Carrizo Plain National Monument


What? : Carrizo Plain National Monument is the largest native grassland remaining in California. Here you can witness the San Andreas Fault as it is cutting through the valley. another prominent feature on the monument include the white alkali flats of Soda Lake and the vast open grasslands, after rainy winter, wildflowers carpet the valley floor.


Where? : The Monument is located about 160 miles north of Los Angeles, 260 miles south of San Francisco in southeastern San Luis Obispo County.

The main access Soda Lake road starts at hwy 58, 50 miles south east of Paso Robles or 43 miles west of Bowerbank at hwy 5.

You can also access the park from it south side on hwy 33/166 (, this entrance start with an old paved section later transform into  18 miles long dirt road (do not try to use it after ran when it is nuddy).

Google Map Link


When? : Spring (the month of April and May) is an ideal time to visit, as the Carrizo Plain is one of the best wildflower destinations in the state. At summer this is mainly dry open grass land without any water in the lakes.


Due note 1: Carrizo Plain National Monument is one of the best kept secrets in California. When visiting this place, the chances are that you will be alone with nature. 


Due note 2: The Carrizo Plain National Monument does not provide any services such as water, food, or fuel. When heading this location make sure your car fuel tank is full.


Due note 3: Do not drive with your car in the mud, even for official roads, when they are wet, they become impossible for driving!

This is a remote area with limited towing services.

Road conditions:

Only the northern portion of Soda Lake road is paved and open year-round, many other roads within the Monument have an unimproved dirt road. When dry most of the valley main and marked roads are good for any vehicles, mountain road may need 4x4.

Unpaved road become impassable to cross during periods of rain; roads often take weeks to dry out after a rain.


Due note 4: for most of it par this is BLM land so you can camp for the night without any permit.


Due note 5: Please follow warning signs and respect private property when visiting your public lands.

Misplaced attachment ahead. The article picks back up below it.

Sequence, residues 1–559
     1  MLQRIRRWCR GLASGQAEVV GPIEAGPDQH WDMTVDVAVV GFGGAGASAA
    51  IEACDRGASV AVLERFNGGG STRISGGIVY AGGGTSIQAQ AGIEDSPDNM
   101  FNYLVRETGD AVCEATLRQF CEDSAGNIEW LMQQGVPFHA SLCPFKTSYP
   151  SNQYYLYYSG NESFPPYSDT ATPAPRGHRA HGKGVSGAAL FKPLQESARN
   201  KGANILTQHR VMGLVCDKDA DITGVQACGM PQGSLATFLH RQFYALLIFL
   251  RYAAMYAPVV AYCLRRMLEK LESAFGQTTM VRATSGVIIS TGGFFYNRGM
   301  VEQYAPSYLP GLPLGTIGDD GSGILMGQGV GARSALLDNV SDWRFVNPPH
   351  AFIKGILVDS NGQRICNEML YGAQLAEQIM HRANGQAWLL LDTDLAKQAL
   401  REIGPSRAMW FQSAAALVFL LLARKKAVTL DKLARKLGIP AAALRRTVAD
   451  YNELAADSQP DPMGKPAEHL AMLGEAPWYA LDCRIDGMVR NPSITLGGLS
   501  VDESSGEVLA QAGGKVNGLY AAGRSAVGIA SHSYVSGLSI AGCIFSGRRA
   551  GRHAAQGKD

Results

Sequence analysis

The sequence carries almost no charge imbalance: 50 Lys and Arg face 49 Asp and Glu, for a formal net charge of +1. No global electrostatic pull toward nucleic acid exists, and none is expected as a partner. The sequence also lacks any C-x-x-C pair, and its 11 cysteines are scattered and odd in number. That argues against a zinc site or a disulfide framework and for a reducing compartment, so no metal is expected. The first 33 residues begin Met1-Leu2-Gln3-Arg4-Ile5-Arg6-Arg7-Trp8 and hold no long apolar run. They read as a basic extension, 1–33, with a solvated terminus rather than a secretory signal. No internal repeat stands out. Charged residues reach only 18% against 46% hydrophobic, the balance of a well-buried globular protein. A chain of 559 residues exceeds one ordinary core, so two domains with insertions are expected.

My thoughts: We visit here as a side location on our trip, arriving from Pismo Beach and going back to the 101 highway at Paso Robles.

Driving east on hwy 166 from Santa Maria was nice, you can see how the green coastal landscape change into a dry desert once you get into and cross the mountain range.

We visit here during the dry winter of 2021. We will try to time our next visit during the spring, when wildflower blooms. This is very secluded place with almost no other visitors, interesting geological thing to see. Out of the main roads, far away destination but I recommend visiting here.


The visit:

The Carrizo Plain National Monument located in southeastern San Luis Obispo County. It spread over 246,812-acre and it is the largest native grassland remaining in California. The Carrizo Plain Natural Area became a National Monument in January 2001 by presidential proclamation.


The Carrizo Plain is a large enclosed grassland plain, approximately 50 miles long and up to 15 miles across, the valley is located between Caliente Mountain Ridge in the south west to Temblor mountain range on the north east. The San Andreas Fault is cutting through the valley. When visiting Wallace Creek Interpretive Trail, you can actually see how this fault changed the landscape.


Prominent features on the monument include the white alkali flats of Soda Lake and the vast open grasslands. When conditions are right, after rainy winter, wildflowers carpet the valley floor.


Soda Lake, normally a dry lakebed, is the largest remaining natural alkali wetland in southern California and the only closed basin (no water outlet) within the coastal mountains. Because there is not water outlet Soda Lake concentrates salts as water evaporates, leaving white deposits of sulfates and carbonates.


After rainy winter and when lake has water in it, it is beautiful to see it reflecting the surrounding hills. When we visit it at the dry winter of 2021 the main lake was all dry, there was some water in the side lake, access from Simmler rd.



Most hikes are short and easy.


Wallace Creek Interpretive Trail:

Easy 1-mile hike to a place you can actually see the San Andreas Fault and the way it changed the landscape.

The creek flows out of the Temblor Range and at San Andreas Fault it takes 90 degree to the right and after another 150m it is going back to the old flow path to the left. That's how much a series of quakes has moved the fault over the past 3,800 years.

In January of 1857, the magnitude 7.9 Fort Tejon Earthquake moved the land in this creek a full 30 feet from its previous location.


Soda Lake Trail:

Trailhead Parking Lot is right on Soda lake road, short walk down wide gravel trail to Lakeside. you can walk out onto the salt flats if it is day. There is also 200-yard raised boardwalk along shore.


Overlook Hill:

Low hilltop with a better view of the surrounding and the lake below. A short drive will take you to the back of the hill parking lot just below the hilltop, a short clime and you are at the viewing point


Nature Conservancy:

On your way to the painted rock trail head you will cross the “visitor center”, here you can get directions, reviews and information, when we visited here it was closed.


Painted Rock:

Painted Rock is an important Native American site and is open to the public from July 16 through the end of February. When we visit it during Feb 2021 the access was close and by advance permits guided tour.

From the end of the road this is 15-mile out and back hike to the painted rock.


Traver Ranch:

When we visited here it was close and there is not so much to do here.